Date of Award


Document Type


Degree Name

Doctor of Education in Educational Leadership


Educational Leadership and Curriculum

First Reader/Committee Chair

Eugene Wong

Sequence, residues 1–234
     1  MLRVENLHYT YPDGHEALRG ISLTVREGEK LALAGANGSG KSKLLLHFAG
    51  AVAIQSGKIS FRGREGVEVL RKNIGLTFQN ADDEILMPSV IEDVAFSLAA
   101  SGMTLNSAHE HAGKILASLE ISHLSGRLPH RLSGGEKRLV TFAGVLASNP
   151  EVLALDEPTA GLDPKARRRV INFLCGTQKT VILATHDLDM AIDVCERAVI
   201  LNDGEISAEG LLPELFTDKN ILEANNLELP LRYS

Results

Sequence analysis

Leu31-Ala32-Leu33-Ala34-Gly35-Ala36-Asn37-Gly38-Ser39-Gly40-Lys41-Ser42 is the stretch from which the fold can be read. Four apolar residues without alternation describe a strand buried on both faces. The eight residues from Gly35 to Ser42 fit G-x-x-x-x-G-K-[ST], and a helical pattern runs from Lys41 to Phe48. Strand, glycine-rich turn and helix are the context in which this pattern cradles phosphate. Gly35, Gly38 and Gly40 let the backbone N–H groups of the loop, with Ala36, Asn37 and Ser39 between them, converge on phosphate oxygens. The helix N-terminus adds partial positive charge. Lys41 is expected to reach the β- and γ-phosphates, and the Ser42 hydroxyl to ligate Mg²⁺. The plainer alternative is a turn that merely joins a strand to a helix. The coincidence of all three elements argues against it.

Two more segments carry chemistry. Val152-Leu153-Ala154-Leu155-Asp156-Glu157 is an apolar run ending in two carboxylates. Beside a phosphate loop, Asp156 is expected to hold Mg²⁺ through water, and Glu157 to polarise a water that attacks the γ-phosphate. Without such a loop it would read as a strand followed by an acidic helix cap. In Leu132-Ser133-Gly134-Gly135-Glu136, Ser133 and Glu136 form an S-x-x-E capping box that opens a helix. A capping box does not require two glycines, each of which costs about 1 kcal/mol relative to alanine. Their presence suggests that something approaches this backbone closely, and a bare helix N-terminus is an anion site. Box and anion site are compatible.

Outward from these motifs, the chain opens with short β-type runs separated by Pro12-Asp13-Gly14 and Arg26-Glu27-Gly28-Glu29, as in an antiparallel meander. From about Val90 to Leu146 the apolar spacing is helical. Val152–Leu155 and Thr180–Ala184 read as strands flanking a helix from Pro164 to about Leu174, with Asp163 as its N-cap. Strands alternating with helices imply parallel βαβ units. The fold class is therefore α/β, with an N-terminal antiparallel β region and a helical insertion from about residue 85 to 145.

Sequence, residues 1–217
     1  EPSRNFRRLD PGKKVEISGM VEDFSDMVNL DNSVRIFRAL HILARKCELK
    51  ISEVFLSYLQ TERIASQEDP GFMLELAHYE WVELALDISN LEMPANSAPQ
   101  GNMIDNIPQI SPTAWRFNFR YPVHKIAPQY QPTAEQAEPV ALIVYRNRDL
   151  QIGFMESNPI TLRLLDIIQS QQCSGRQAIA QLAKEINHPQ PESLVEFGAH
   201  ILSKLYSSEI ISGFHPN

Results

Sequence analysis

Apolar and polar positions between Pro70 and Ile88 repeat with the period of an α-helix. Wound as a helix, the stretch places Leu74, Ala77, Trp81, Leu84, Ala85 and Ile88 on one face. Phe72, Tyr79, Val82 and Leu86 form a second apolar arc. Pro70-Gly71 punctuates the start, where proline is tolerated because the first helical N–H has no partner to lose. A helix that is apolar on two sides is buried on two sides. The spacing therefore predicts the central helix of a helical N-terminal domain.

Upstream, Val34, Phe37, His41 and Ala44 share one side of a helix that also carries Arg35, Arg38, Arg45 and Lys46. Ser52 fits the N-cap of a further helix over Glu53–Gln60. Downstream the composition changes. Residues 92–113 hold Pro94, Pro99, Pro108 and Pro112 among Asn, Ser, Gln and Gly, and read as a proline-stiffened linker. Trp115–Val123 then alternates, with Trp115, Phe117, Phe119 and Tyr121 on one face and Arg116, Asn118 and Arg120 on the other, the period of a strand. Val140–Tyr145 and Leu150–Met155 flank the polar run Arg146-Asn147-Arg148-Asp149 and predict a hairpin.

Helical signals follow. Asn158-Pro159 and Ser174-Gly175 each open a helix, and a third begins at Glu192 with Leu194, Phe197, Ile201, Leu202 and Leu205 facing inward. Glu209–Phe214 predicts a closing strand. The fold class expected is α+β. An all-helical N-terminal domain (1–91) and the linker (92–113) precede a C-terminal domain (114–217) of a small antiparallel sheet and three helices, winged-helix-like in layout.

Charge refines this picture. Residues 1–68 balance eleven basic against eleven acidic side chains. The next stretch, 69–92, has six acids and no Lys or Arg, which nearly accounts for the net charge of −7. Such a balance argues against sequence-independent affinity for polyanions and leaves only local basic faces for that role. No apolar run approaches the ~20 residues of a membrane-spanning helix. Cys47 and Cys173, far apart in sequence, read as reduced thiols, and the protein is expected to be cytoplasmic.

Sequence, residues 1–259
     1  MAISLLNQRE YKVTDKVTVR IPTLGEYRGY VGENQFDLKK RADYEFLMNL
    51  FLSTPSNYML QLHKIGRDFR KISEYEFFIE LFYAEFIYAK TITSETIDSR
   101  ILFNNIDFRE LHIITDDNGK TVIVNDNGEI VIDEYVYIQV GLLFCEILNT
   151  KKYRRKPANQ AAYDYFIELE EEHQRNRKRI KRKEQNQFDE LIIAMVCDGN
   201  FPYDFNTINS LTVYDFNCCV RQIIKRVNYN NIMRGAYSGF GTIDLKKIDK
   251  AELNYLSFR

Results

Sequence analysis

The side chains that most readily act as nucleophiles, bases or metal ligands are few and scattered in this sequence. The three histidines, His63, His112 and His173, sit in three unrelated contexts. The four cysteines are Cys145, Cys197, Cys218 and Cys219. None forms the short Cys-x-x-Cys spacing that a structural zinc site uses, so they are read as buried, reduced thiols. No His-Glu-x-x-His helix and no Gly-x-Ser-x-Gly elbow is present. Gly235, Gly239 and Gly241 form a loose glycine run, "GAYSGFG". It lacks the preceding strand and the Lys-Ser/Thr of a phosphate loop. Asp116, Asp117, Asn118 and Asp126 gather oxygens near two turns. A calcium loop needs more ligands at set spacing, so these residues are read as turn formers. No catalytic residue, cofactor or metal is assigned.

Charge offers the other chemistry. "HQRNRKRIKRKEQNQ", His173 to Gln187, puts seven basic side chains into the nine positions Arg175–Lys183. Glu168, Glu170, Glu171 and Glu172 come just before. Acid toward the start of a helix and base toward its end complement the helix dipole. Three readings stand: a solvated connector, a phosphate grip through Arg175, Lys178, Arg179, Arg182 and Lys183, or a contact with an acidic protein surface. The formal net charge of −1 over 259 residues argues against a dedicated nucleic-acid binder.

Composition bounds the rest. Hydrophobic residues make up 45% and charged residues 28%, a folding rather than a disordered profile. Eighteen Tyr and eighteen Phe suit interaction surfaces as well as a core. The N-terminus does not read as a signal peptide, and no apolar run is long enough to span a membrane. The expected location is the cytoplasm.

Research on academic entitlement (AE) in college students has provided support for its maladaptive nature. Students high in AE are reported to present greater levels of externality in the locus of control, exhibit behaviors and actions that are inconsistent with traditional academic norms, score lower on assessments, and hold expectations that are aligned with academic consumerism. However, research examining AE and its effects on student behavior have relied on AE scores collected after students have attained some collegiate experience and have yet to evaluate interventions that may reduce the corresponding implications of AE. Using survey data collected from 941 matriculating first-year college students, this study sought to identify demographic differences in pre-collegiate levels of AE; and determine the relative importance of AE in predicting first-term unit completion rates, the utilization of academic support services (i.e., tutoring and supplemental instruction), and first-year retention. Furthermore, this study sought to evaluate the mediating/moderating effect of participation in a freshmen seminar course. The results of this study were mixed. While sex difference in AE were found, and partial support was found for AE differences by first-generation status, AE differences by Pell Grant status, under-represented minority status, and freshmen seminar course enrollment were not supported. Furthermore, associations between the AE scales and first-term course completion rates, utilization of student academic support services, and first-year retention were not supported. Given notable differences between survey completers and non-completers on several measures of academic performance, this study suggests that the reliance on voluntary survey completion may fail to secure responses from an academically entitled population. Furthermore, relying on a single measurement of academic entitlement in students prior to the attainment of collegiate experience fails to address the potential for the development of AE during the collegiate experience.